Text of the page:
Gibson and Stephanopoulos missed the opportunity to pin her down more precisely. They failed to ask the obvious question: what will she do if the U.S. withdrawal triggers massive ethnic bloodletting, even genocide, in Iraq? Does she really mean that she will pull 1-2 brigades out every month regardless of the consequences?
Asked about his relationship with the former Weatherman William Ayers, Obama questions the notion of guilt by association. He points out that he is also friendly with Tom Coburn, a Republican congressman who has advocated the death penalty for doctors who practice abortion. He disagrees with Coburn, but feels no need to apologize for his views, so why should he apologize for the 40-year-old actions of Ayers? It is a fair point, but the two cases are not exactly equivalent. Ayers contributed $200 to an Obama Illinois senate re-election campaign fund in 2001. As far as I know, Coburn has never contributed money to Obama, and can hardly be described as a political supporter.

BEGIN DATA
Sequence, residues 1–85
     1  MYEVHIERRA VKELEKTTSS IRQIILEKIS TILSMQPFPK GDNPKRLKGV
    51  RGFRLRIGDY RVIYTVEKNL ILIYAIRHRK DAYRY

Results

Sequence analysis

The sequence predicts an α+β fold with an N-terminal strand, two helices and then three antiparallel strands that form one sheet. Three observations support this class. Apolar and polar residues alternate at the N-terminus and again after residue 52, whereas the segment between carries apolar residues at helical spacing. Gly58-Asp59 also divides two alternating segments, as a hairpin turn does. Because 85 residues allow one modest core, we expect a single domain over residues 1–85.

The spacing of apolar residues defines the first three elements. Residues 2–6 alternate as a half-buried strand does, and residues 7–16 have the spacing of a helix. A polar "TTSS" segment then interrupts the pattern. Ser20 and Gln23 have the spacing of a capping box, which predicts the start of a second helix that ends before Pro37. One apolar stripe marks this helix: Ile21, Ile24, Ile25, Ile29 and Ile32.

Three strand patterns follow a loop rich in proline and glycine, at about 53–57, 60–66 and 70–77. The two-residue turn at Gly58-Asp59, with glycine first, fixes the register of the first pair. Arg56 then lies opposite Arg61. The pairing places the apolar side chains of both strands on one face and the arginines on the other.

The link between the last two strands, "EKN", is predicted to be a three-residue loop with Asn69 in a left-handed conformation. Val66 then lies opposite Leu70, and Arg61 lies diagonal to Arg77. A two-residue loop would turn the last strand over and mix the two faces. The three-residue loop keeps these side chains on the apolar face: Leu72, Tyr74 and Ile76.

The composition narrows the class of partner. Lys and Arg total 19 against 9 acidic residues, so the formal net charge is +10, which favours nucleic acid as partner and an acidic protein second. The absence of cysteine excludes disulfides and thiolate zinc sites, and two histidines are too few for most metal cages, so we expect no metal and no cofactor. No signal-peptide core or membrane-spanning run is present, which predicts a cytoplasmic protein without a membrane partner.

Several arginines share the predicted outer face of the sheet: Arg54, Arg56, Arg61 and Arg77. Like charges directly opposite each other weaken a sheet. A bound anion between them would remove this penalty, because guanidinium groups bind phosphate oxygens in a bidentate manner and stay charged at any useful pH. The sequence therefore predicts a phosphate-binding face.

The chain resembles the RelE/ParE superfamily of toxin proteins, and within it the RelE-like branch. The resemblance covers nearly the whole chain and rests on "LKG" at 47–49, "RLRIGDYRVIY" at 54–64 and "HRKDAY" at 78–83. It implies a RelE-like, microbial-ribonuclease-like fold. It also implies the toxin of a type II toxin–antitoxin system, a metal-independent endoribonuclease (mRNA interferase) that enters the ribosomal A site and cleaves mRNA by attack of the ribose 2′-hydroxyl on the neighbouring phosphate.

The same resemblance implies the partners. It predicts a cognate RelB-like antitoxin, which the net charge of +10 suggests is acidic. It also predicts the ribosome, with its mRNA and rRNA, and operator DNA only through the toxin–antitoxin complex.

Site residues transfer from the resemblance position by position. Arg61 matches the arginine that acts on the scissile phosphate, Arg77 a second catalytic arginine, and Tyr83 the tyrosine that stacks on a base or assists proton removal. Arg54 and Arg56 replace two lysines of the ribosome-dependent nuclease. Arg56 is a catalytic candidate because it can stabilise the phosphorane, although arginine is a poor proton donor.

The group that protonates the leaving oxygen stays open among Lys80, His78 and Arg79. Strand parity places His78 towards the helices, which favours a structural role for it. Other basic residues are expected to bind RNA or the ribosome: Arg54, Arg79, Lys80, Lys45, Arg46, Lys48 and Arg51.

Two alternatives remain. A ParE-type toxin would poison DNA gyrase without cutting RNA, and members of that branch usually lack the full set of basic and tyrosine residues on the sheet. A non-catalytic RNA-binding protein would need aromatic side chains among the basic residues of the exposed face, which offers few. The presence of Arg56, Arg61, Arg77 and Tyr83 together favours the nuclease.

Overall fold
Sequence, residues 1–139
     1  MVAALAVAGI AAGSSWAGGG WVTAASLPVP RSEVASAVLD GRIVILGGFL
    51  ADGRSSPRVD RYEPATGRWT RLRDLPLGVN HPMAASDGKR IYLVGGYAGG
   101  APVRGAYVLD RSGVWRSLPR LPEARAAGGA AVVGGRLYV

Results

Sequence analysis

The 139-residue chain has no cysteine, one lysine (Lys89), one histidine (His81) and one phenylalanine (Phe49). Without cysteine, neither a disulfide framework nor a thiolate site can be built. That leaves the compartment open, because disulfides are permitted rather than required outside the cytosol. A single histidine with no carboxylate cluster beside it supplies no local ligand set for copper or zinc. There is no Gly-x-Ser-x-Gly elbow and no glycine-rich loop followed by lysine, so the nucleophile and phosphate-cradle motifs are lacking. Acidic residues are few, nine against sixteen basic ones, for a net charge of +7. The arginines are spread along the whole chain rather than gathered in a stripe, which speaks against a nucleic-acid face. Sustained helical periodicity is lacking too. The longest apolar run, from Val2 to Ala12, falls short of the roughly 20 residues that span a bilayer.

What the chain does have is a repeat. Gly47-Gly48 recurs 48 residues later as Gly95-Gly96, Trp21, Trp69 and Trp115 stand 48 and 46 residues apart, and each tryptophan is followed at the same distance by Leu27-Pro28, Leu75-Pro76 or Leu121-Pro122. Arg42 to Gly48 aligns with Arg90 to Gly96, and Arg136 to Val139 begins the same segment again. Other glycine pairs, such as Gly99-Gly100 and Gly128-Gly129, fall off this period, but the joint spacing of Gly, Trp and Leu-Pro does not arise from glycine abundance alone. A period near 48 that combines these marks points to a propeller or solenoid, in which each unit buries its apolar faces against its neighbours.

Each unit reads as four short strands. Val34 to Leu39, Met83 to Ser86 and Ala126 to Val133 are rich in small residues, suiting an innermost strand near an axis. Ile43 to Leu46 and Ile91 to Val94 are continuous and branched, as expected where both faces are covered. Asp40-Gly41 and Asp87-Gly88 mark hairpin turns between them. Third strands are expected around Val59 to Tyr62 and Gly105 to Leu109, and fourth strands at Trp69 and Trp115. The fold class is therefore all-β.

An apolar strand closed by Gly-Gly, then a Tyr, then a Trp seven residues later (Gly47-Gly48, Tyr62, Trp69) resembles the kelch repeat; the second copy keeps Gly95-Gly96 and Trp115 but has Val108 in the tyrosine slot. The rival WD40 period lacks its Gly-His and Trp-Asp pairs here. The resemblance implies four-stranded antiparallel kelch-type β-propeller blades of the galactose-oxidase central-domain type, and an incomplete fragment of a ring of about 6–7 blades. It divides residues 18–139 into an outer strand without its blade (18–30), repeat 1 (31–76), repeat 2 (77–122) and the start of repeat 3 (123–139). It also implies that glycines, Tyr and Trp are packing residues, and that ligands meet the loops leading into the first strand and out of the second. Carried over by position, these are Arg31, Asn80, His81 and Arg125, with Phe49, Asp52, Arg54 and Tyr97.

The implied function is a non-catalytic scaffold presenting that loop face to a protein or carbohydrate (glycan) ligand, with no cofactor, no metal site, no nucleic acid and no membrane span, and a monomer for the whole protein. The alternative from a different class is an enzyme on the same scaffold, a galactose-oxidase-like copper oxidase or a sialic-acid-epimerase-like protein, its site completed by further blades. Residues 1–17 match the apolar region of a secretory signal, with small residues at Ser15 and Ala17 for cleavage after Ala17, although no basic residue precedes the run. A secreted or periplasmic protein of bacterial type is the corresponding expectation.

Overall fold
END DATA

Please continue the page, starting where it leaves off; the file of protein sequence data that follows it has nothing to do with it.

According to Politico, Ayers also hosted a political event for Obama in 1995 with his wife Bernadine Dohrn, another former member of the radical weathermen group. The purpose of the event was to help launch Obama's campaign for the Illinois State Senate.
Now it's Clinton's turn to eat humble pie about her Bosnia sniper comments. She acknowledges that she gave a misleading, exaggerated account of her March 1996 trip to Tuzla on more than one occasion. She initially insisted that she "misspoke" only once, late at night, when she was exhausted, a claim repeated by her husband on the campaign trail. Tonight, she concedes she has been less than accurate on "a few occasions."
Charlie Gibson's question to Barack Obama about exactly when he heard offensive remarks from Rev. Wright puts the Land-of-Lincolner on the spot. Gibson asks Obama to explain why he disinvited Wright from blessing his presidential campaign a year ago, but failed to speak out publicly against him until very recently. Obama tried to draw a distinction between generally controversial remarks from Wright and the specific remarks that have been playing over and over again on YouTube, including the GD America comment. He seems to be walking a very fine line. He failed to clear up precisely why he withdrew the invitation to Wright. Clinton twisted the knife by saying that the choice of pastor is a personal choice, and she would not have remained a member of Wright's congregation.
Join me for a live fact check of tonight's Democratic Debate from Pennsylvania. I am joined by diplomatic reporter Glenn Kessler and researcher Alice Crites. With just six days to go before the Pennsylvania primary, it promises to be an exciting evening. Use the comments section or the Contact the Fact Checker tool to point out any errors on the part of the candidates.